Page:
Many reviews of this score voice how disappointing it is because it fails to adequately capture the excitement and wonderment of flight in any meaningful way, but I would argue that those who do so are missing the point. Always is not a film about that; the breathlessness and excitement of aerial firefighting – while undoubtedly a worthy and important job – is ultimately the cause of so much pain in this film, and the music reflects the emotions of those who are left behind when things go wrong. It doesn’t so much celebrate flight as much as it mourns it. Williams focuses on these emotions – love, sorrow, grief, and ultimately redemption – because the film is a celebration of the human spirit when it overcomes those internal personal obstacles, instead of the more tangible and dangerous ones presented by fires and plane crashes.

 

Despite my personal appreciation for it, I still feel that Always is going to be one of the scores that appeals least to Williams fans, especially those who are more attuned to his bombastic marches, rousing action music, and moments of soaring emotion. As I mentioned, this is a score which requires a degree of patience, and a willingness to sit quietly and fully immerse yourself in the beautiful textures and instrumental combinations that Williams creates. If you do, you will be rewarded with some truly excellent moments of musical emotion that are both subtle and powerful, and prove that Williams is not just a composer who smacks you in the face with endless themes and variations. As a thoughtful rumination on life and love, and what death means for those left behind, Always leaves a positive impression.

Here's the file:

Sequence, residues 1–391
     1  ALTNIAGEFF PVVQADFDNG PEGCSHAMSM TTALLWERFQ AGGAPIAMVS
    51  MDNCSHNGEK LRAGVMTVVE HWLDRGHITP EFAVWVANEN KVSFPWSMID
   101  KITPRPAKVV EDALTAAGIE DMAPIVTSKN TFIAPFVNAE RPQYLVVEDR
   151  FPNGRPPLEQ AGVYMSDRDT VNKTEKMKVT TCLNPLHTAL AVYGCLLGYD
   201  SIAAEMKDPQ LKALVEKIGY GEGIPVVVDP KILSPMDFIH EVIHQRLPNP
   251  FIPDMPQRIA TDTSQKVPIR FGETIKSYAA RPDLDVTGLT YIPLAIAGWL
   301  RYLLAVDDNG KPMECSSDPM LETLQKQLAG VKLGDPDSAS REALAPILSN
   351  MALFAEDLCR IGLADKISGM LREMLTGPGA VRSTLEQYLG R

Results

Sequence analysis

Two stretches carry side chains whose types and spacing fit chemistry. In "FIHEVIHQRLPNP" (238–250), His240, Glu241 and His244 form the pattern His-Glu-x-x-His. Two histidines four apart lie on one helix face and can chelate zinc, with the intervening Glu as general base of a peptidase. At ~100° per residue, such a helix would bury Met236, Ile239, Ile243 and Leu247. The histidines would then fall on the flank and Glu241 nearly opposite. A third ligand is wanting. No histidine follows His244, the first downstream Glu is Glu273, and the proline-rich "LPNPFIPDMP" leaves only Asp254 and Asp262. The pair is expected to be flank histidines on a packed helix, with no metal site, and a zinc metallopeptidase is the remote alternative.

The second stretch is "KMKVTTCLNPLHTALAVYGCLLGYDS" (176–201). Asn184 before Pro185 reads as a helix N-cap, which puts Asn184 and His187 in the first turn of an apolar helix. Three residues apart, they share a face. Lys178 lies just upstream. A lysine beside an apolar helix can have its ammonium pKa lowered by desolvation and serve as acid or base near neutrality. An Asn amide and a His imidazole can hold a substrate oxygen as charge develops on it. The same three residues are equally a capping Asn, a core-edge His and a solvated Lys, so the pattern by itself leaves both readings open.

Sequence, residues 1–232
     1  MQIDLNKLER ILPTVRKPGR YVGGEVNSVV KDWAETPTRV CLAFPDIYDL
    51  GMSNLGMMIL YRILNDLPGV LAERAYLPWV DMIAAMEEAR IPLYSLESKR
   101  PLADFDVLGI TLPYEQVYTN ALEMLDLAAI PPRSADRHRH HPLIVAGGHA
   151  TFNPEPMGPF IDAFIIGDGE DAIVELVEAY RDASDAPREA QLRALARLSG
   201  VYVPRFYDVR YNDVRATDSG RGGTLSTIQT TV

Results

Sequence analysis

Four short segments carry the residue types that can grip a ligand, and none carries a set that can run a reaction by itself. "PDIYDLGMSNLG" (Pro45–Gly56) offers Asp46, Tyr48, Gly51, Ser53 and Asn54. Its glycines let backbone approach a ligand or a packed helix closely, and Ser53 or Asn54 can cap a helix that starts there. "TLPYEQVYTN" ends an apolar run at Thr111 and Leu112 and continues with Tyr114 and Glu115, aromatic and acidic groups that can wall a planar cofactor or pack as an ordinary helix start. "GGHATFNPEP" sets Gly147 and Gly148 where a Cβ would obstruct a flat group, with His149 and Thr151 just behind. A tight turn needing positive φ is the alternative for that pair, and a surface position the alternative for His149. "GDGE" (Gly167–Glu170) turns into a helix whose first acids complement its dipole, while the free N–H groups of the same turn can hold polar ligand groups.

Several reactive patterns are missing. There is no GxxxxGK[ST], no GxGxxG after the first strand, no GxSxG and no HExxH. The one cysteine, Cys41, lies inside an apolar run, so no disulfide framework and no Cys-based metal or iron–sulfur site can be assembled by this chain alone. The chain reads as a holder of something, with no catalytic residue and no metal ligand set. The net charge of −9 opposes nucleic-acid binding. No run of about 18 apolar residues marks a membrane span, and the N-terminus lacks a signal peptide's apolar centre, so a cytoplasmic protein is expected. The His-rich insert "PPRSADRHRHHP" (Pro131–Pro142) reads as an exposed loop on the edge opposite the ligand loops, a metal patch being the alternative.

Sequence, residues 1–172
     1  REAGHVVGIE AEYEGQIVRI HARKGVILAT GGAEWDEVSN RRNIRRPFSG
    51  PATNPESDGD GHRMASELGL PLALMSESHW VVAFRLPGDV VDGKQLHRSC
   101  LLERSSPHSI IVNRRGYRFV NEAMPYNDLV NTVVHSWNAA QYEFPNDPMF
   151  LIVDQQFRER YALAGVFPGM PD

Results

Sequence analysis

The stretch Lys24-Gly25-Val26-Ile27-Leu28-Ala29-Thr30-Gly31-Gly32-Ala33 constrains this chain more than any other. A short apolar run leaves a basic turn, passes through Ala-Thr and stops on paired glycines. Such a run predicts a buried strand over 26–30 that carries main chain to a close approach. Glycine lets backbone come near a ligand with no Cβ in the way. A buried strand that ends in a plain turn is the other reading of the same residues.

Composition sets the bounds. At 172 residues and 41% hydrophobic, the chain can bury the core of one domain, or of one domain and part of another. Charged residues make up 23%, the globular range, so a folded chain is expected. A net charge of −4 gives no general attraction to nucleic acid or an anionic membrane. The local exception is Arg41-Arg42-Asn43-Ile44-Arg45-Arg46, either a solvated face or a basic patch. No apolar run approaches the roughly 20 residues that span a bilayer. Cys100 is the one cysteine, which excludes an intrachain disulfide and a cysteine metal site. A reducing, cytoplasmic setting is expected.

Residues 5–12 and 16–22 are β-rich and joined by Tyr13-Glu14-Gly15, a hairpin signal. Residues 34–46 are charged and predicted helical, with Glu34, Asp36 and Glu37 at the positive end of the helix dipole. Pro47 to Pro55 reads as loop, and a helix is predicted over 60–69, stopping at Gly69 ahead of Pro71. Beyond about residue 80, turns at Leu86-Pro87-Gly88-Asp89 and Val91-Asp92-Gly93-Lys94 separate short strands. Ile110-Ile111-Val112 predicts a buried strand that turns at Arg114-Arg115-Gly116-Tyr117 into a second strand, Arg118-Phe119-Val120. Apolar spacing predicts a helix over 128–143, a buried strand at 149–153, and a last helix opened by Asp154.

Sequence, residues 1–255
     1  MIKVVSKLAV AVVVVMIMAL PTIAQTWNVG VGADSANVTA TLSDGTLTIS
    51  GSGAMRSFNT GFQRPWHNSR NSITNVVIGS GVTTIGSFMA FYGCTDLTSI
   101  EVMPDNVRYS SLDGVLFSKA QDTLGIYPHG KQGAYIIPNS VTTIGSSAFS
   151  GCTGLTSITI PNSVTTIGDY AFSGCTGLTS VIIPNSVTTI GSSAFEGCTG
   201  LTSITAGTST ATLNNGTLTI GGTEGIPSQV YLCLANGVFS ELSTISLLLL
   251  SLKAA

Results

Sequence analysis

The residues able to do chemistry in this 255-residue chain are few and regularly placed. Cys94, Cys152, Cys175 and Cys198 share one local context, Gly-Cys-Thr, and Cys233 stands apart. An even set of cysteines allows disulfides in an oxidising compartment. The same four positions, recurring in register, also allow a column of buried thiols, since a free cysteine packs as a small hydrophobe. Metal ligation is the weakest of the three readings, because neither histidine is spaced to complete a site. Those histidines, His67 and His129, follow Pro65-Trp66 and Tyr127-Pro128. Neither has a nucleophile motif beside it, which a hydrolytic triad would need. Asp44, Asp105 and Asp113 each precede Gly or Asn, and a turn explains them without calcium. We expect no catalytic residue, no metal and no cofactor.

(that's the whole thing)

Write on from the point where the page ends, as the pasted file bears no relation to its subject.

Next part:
Nah...

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I can't imagine needing more than the 46 minutes on the OST but I have no idea how much score was recorded or used in the film.

 

IMO it's pretty telling that the 30th Anniversary came and went without so much as a whisper of an expansion. I think any label would struggle to sell more than 500 copies.

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9 minutes ago, JTWfan77 said:

That Follow Me alt has been around for ages. I think I first heard about it in the mid to late 90s.

Exactly, in the first half of the 90s I for example got a tape (!) from a guy who made me a copy of various rare (no internet back then) stuff during his day work at an airforce base (!!) and I transfered it to minidisc, and that's how it now resides on my shelf. (yes, that Sony MD player with built-in keyboard is still working as are the discs ;))

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2 hours ago, JTWfan77 said:

 

Not sure what it has to do with ALWAYS, but yes -- I certainly remember that. It was really the best Williams site in the 90s. I wonder what happened to Scott Hanson?

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It was where I learned about the bootleg of BOTFOJ that had the alternate of Follow Me - so a tangental post, yes, as I searched on my 2001 CD-ROM backup for evidence of that release based on Crumbs' question.

 

On a more tangental note, I'm thrilled that my 2001 CD-ROM backup still reads without errors!

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I've always been fond of the score although I rarely listen to the whole thing. Among the Clouds, Follow Me, Saying Goodbye, Pete & Dorinda, and Dorinda Solo Flight are my favorites from the CD as well as the suite on the first Williams/Spielberg compilation. 

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  • 7 months later...

Never saw the film., and I used to never miss a SS movie.

Why? Because it was a remake of a horrible film A GUY NAMED JOE.

Weird that he didn't keep the WWII setting considering.his filmography.

On 2/2/2020 at 2:00 AM, crumbs said:

I think any label would struggle to sell more than 500 copies.

Well, that means that this site has 502 members. 😎